A minister has distanced the Government from controversial comments made by a Tory MP facing a backlash for suggesting some food bank users “cannot cook properly”.
Lee Anderson, MP for Ashfield, caused outrage on Wednesday after telling the House of Commons that “generation after generation” of people “cannot budget” or make meals properly.
Asked on Thursday on Sky News about the remarks, justice minister Victoria Atkins said they were “not right”.
“This is not the view of me or anyone else in Government. We want to give not just immediate help but longer-term support as well,” she said.
The MP for Louth and Horncastle added that she believed Mr Anderson’s position may have been misinterpreted.
She said she thought he had been referring specifically to his local food bank, which he had praised for providing longer-term help as well as emergency resources.
But responding to a suggestion by presenter Kay Burley that Mr Anderson had effectively accused people of using food banks to get a “ready meal” because “they can’t be bothered cooking”, Ms Atkins said: “Yeah, that’s not right and that’s absolutely not right.
“I’ve spent my ministerial career working with very vulnerable people … cooking lessons will not be the complete solution to that.”
The Prime Minister refused to say whether he agreed with the remarks when asked about them after a Cabinet meeting in Staffordshire but described the problem of child hunger as “totally unacceptable”.
Asked whether he thought Mr Anderson was right to have made the comments, Boris Johnson said: “The best answer for the problems of kids going hungry, which is in my view totally unacceptable, and of families not able to get the meals they need is to do all the support that we’re giving and as I’ve said we’ll use maximum ingenuity and compassion throughout this period”.
Speaking to Times Radio on Thursday, Mr Anderson doubled down on his remarks, saying he was being criticised for “talking common sense”.
“The point I was trying to make is that I think the actual food bank usage is exaggerated,” he said.
“I work with a local food bank in Ashfield and they’ve got a wonderful initiative where, when people come to the food bank, they’re given a food package but they have to enrol on a cooking course and a budgeting course – that’s the deal.”
Mr Anderson said he and a group of fellow MPs undertook a challenge with a local chef to feed a family of five for £50 a week.
He added: “The point I was trying to make is that, yes, we’ve got lots of food banks but, actually, if we get to the real nub of the problem in a lot of cases, then there are generations of people out there that simply haven’t got the skills to budget properly and to go shopping and do a proper weekly shop like we used to back in the day, and use of fresh ingredients to make nutritious meals.”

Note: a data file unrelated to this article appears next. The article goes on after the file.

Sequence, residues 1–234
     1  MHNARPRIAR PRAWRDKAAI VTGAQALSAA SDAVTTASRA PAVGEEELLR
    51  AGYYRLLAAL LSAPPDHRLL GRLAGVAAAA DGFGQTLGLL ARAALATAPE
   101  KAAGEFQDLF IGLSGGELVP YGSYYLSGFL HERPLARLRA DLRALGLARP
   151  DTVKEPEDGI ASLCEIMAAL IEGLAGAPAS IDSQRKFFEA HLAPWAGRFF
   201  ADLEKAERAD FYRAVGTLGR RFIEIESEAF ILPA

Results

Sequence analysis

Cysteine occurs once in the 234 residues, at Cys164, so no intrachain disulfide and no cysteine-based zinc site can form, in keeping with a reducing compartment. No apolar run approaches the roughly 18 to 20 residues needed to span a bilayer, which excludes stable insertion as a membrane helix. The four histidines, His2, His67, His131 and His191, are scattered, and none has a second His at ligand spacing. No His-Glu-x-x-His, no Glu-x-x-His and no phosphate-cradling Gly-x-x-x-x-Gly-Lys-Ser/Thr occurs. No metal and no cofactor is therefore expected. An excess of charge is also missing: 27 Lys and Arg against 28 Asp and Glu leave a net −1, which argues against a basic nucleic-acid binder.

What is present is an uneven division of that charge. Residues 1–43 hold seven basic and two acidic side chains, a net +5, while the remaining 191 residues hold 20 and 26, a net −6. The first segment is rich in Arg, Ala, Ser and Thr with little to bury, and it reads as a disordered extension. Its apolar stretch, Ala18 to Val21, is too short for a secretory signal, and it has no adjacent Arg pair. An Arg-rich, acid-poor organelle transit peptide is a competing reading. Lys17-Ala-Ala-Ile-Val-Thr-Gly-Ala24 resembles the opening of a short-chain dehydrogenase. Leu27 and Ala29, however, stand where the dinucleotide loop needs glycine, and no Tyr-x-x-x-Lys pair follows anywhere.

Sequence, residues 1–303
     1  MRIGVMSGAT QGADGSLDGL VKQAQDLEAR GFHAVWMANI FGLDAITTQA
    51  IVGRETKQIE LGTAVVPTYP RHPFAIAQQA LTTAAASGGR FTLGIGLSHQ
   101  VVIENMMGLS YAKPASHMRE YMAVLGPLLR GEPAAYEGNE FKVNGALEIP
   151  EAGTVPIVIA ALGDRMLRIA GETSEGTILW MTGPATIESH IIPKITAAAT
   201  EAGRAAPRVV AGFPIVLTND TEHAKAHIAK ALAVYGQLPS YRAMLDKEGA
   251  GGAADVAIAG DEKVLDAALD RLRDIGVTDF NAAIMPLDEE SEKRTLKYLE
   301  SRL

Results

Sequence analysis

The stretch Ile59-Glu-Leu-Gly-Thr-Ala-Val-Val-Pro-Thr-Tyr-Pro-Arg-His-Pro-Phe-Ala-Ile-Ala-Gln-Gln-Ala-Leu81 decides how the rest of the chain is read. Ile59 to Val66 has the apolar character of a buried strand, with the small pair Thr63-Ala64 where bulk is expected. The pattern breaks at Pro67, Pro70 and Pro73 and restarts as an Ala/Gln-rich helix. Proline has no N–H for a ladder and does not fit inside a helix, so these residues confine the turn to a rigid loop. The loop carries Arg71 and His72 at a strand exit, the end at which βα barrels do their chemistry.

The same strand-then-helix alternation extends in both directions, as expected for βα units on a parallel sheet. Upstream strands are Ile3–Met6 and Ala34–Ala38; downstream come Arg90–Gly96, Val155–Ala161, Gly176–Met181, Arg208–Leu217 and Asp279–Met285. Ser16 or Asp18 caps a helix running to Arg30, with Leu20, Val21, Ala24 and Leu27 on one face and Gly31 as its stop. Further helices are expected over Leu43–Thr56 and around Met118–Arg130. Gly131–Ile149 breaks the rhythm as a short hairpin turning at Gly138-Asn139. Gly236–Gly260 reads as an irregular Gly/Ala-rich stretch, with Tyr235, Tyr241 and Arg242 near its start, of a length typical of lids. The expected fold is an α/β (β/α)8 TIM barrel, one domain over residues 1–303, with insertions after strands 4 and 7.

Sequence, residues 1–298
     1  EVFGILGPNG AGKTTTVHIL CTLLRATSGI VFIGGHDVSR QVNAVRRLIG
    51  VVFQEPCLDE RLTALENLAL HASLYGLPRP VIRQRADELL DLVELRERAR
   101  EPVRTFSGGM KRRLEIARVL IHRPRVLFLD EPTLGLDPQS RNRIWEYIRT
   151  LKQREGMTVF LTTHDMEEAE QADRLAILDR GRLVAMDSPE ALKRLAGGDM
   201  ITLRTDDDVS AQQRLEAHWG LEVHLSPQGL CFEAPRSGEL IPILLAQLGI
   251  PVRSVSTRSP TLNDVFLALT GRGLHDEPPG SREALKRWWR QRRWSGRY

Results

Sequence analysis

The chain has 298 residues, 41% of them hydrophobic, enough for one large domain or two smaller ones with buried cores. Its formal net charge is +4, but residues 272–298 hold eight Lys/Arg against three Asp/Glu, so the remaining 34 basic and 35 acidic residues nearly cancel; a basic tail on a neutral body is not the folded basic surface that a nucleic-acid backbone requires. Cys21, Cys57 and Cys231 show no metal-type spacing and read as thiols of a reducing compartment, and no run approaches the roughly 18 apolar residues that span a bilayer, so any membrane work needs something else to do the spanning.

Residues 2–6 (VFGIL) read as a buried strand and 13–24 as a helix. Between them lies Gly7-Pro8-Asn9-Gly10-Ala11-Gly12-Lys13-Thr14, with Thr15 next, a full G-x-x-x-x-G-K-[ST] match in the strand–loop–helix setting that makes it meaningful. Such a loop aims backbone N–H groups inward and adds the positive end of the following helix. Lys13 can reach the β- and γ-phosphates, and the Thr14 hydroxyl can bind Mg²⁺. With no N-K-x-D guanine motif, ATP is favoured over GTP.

Mr Anderson said that while there are “always genuine people staying in need”, many would benefit from the “right help and the right support and the right education”.
Asked why he is being criticised, he said: “Because I’m talking common sense – it’s as simple as that, you know.”
Mr Anderson said he is getting a lot of supportive emails, adding: “The left will obviously jump on this.
“The mainstream media will jump on this because at the moment all we’re hearing in the chamber is food bank use is on the up.”
Mr Anderson also shared on Facebook a link to a YouTube video of the “batch cooking sessions” in his constituency, adding: “I make no apologies for trying to help people fend for themselves by helping them learn the skills they need.”
It comes after he hit back at the reporting of his comments, writing on Facebook: “Gutter Press Again.
“I did not say poor people cannot cook or there is no need for food banks. I said there is not the need currently being parrotted out by the MSM (mainstream media).”
Labour branded Mr Anderson’s remarks “beyond belief”, the Liberal Democrats described them as “disgraceful”, and the SNP said they were “crass”.
The Child Poverty Action Group claimed politicians “would do better to back real-world solutions, like bringing benefits in line with inflation this autumn”, and the Trussell Trust charity insisted “cooking meals from scratch won’t help families keep the lights on or put food on the table, if they don’t have enough money in their pockets”.
The Trades Union Congress insisted the comments showed “how out of touch Conservative MPs and ministers are with the cost-of-living emergency”.